All I have to offer are flowers

Or the promise of flowers. The morning sun is shining on magnolia buds (or sleeping bags for mice, as our children used to call the bud casings)

All I have to offer this week are flowers.

Just another unnamed seedling – one of the series that saw that only ‘Felix Jury’ named and released

It has been a difficult week in New Zealand. After more than 100 days of a return to Covid-free ‘normal life’, where the only major change has been closed borders and an absence of international travel in or out of the country, we are now on high alert with a fresh outbreak. Auckland is back in level 3 lockdown, the rest of us in level 2. It is a case of déjà vu.

Fallen cherry blossom petals on a pond in the wild North Garden

For overseas readers, our highest level of lockdown, level 4, was one of the tightest lockdowns in the world. Level 3 sits at what most other countries called their lockdown so still stringent. We are in level 2 here which means practicing physical distancing, signing or scanning in and out of shops, adjusting to the thought of wearing masks – and a high level of personal anxiety. So pretty much the state of most of the world. It is tough when only a few days ago, we thought we had left all that behind us.

Floral skypaper

It is still early days in the pandemic. There is so much we do not know. My tolerance for the strident voices calling for opening the border, ‘learning to live with the virus’, returning to the old normality for the sake of businesses and The Economy (caps deliberate) is less than zero. There is no ‘old normality’ anywhere in the world and we had better get used to that for the next year or two at least. It is not locking down that is damaging business; it is Covid19. Business can not thrive in a situation with rampant Covid just as most can not thrive under lockdown. The choice is of an open business environment with uncontrolled community transmission, sickness, death and a very high level of anxiety and fear in the population or going for a safe but limited environment that is Covid-free most of the time. It is a stark choice but we have seen how that latter option works and I am happy to back that as the lesser of two evils.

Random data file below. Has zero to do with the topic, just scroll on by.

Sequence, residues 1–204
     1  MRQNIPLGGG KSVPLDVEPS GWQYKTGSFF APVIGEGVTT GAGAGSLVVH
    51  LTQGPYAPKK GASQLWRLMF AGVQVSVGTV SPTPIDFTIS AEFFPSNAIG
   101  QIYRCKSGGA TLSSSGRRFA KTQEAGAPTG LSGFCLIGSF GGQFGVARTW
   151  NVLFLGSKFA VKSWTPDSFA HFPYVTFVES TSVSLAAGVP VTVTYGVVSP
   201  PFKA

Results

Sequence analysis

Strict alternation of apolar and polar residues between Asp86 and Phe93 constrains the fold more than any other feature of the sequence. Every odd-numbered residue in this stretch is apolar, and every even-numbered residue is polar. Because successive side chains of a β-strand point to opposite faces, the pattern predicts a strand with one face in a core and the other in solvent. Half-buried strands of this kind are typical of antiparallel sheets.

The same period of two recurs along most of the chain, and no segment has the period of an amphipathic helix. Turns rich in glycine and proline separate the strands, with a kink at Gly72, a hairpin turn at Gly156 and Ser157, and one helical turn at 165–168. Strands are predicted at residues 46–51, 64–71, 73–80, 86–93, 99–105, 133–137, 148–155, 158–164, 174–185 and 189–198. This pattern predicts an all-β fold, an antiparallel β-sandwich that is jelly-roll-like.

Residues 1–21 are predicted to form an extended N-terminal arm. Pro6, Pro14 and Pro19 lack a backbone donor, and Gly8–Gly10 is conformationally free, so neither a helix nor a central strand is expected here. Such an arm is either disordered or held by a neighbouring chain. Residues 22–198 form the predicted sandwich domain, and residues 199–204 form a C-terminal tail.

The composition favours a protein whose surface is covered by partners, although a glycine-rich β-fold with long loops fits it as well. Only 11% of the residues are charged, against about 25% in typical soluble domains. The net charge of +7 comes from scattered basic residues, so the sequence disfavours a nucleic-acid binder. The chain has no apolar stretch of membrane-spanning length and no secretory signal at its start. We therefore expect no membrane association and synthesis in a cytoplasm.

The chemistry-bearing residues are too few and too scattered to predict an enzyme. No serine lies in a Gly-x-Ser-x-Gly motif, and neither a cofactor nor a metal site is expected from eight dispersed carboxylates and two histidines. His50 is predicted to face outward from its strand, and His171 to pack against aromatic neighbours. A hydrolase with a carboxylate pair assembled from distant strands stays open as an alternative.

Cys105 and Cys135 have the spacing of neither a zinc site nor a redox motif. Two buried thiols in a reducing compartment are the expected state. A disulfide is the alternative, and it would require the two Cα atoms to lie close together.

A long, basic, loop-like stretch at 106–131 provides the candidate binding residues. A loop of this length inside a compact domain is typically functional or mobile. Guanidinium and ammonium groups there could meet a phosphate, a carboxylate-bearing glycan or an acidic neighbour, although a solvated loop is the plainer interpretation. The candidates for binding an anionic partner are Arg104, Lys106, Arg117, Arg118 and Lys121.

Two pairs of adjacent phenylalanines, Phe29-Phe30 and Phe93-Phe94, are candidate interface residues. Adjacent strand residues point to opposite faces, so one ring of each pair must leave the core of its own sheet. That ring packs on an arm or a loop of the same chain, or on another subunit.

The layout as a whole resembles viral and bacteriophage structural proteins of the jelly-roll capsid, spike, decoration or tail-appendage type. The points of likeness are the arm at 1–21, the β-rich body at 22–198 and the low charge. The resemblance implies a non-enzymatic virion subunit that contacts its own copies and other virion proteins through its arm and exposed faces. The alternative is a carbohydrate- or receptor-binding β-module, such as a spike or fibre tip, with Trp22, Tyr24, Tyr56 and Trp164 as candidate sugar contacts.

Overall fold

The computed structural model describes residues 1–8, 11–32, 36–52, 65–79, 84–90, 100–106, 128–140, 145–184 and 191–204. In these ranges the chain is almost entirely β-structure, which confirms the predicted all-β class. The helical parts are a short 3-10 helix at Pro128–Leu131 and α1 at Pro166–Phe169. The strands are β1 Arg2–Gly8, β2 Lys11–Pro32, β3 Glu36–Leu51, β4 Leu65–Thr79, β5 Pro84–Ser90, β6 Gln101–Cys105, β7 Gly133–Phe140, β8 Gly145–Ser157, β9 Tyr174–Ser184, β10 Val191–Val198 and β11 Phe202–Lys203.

I wish I could share the scent of Rhododendron cubittii in flower

So, we have battened down the hatches again. Like many around the rest of the country, I am grateful to the people of greater Auckland who are cooperating with efforts to stamp out this latest cluster. As I write this, it does appear to be just a single cluster, all connected to one source.

Just an unnamed seedling in the wilder reaches of the garden

But the seasons and the plants are Covid free. It is wonderfully reassuring that the environment continues on its normal cycle even as the human inhabitants can not.
I brought home samples of three options for laying the paths in our new summer garden. The palest option is crushed limestone. While it is not as starkly white as some I have seen, I think we have decided it will be too bright, given we are going to have large areas of it. I am okay with the darker option which is largely crushed shell, though it is a little darker than I wanted. The middle one is a mix of the two and I think we will try for that one. All will compact down to give a fairly smooth surface. They are used widely on farm tracks and cattle races because they compact and don’t have sharp pieces to damage the hooves of livestock.

Self-sown nikau palm to the left of the vireya rhododendron

I retrieved this vireya rhododendron from a neglected area at the back of Mark’s vegetable garden and moved it into the Avenue Garden, where I was redoing all the underplanting two months ago. Working in our woodland areas, it occurred to me that if this garden is ever abandoned and left to its own devices, it would revert to a forest of nikau palms, puriri, kawakawa (pepper tree), tree ferns (ponga), karaka and seedling prunus, I pull out seedling nikau palms by the score and remove every seedling prunus that I come across.